The coated granules were discharged from the coater into a storage bin and left there for a period of 18 hours to allow the bond between the thermoplastic Daratak 3611 and the magnesium potassium phosphate to cure.
The coated granules were charged for spike formation through an auger. In the auger, soybean vegetable oil with a viscosity of 105 centipoise at 20° C., amounting to 0.25 percent of the final spike weight, was sprayed onto the coated magnesium potassium phosphate granules at ambient temperature to provide lubrication to the spike forming dies and facilitate consistent feeding of the granules into the dies and the discharge of the spikes therefrom.
The spikes were formed in a double roll compactor where the coated lubricated magnesium potassium phosphate granules were forced into dies which were spike shaped indentations or pockets, in two hardened steel rollers rolling in the same direction in contact with each other. The rolls were operated so that they created a pressure of 2500 pounds per square inch on the granules which had been forced into the indentations between the rollers. The compression of the granules created a temperature of 115° C. in the spikes formed, which was above the softening point of the thermoplastic coating. The softened thermoplastic strongly bond the granules into the spike shape. The spikes were discharged at the point where the rollers were no longer in contact, and were cooled to a temperature of 40° C. by a stream of cooling air blowing through the perforated product belt conveyor.
The spikes formed were almost rod shaped, about 2.5 centimeters in diameter, and 7.5 centimeters long. One end was flat for hammering and the other end exhibited an angle of about 45 degrees.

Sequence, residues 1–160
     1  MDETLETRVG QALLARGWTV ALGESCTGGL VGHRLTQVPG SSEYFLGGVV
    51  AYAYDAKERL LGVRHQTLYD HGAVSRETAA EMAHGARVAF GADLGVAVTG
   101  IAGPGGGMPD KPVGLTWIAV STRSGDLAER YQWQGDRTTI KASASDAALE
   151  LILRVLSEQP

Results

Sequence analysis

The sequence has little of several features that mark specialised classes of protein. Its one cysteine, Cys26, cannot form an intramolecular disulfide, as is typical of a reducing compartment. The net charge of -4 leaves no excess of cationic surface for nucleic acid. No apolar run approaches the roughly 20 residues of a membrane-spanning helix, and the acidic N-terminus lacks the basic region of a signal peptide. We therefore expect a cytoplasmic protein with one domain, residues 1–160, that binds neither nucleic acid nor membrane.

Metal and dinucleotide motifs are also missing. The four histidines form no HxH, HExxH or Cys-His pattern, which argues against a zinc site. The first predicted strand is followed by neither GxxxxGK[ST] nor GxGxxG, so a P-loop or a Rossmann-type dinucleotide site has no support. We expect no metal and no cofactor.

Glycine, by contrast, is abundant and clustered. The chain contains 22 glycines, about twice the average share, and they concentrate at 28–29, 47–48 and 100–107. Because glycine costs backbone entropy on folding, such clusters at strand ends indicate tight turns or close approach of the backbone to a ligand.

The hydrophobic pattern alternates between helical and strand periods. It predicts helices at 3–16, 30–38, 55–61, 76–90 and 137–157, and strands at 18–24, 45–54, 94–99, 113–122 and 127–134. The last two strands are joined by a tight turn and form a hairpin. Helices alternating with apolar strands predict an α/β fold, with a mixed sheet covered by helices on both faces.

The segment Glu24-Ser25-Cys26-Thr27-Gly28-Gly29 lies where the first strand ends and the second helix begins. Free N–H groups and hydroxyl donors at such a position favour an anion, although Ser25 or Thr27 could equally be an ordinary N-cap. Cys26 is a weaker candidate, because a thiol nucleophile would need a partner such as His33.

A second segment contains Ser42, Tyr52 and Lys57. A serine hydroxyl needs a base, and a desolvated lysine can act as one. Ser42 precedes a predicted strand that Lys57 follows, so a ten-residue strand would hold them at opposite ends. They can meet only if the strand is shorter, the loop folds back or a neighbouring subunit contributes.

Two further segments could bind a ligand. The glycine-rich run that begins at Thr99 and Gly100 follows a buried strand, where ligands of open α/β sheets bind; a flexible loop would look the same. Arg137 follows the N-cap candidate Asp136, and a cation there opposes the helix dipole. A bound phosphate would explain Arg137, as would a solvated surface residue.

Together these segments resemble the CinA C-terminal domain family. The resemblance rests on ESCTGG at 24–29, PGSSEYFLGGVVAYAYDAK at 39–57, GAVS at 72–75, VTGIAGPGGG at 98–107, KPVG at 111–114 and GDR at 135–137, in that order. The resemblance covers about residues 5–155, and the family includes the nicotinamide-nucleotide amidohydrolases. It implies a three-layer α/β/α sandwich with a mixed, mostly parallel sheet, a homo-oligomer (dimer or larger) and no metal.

After handling and bagging the spikes they were found to show no appreciable attrition. Several of the spikes were selected at random and driven into a clay soil with a mallet without any discernible fracturing or shattering.
All percents provided in this disclosure are weight percents unless specifically stated to be otherwise.
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|U.S. Classification||71/64.13, 71/64.11, 71/61, 71/33|
|International Classification||C05B9/00, C05B21/00, C05G5/00, C05G3/00, C05B7/00|
|Jun 25, 1999||AS||Assignment|
Owner name: AGRI-NUTRIENTS TECHNOLOGY GROUP INC., VIRGINIA
Free format text: ASSIGNMENT OF ASSIGNORS INTEREST;ASSIGNOR:MOORE, WILLIAM P.;REEL/FRAME:010072/0959
Effective date: 19990622
|Oct 18, 1999||AS||Assignment|
Owner name: LESCO, INC., OHIO
Free format text: ASSIGNMENT OF ASSIGNORS INTEREST;ASSIGNOR:AGRI-NUTRIENTS TECHNOLOGY GROUP, INC.;REEL/FRAME:010330/0565
Effective date: 19991006
|Mar 19, 2001||AS||Assignment|
Owner name: LESCO TECHNOLOGIES, LLC, OHIO
Free format text: ASSIGNMENT OF ASSIGNORS INTEREST;ASSIGNOR:LESCO, INC.;REEL/FRAME:011641/0189
Effective date: 20010308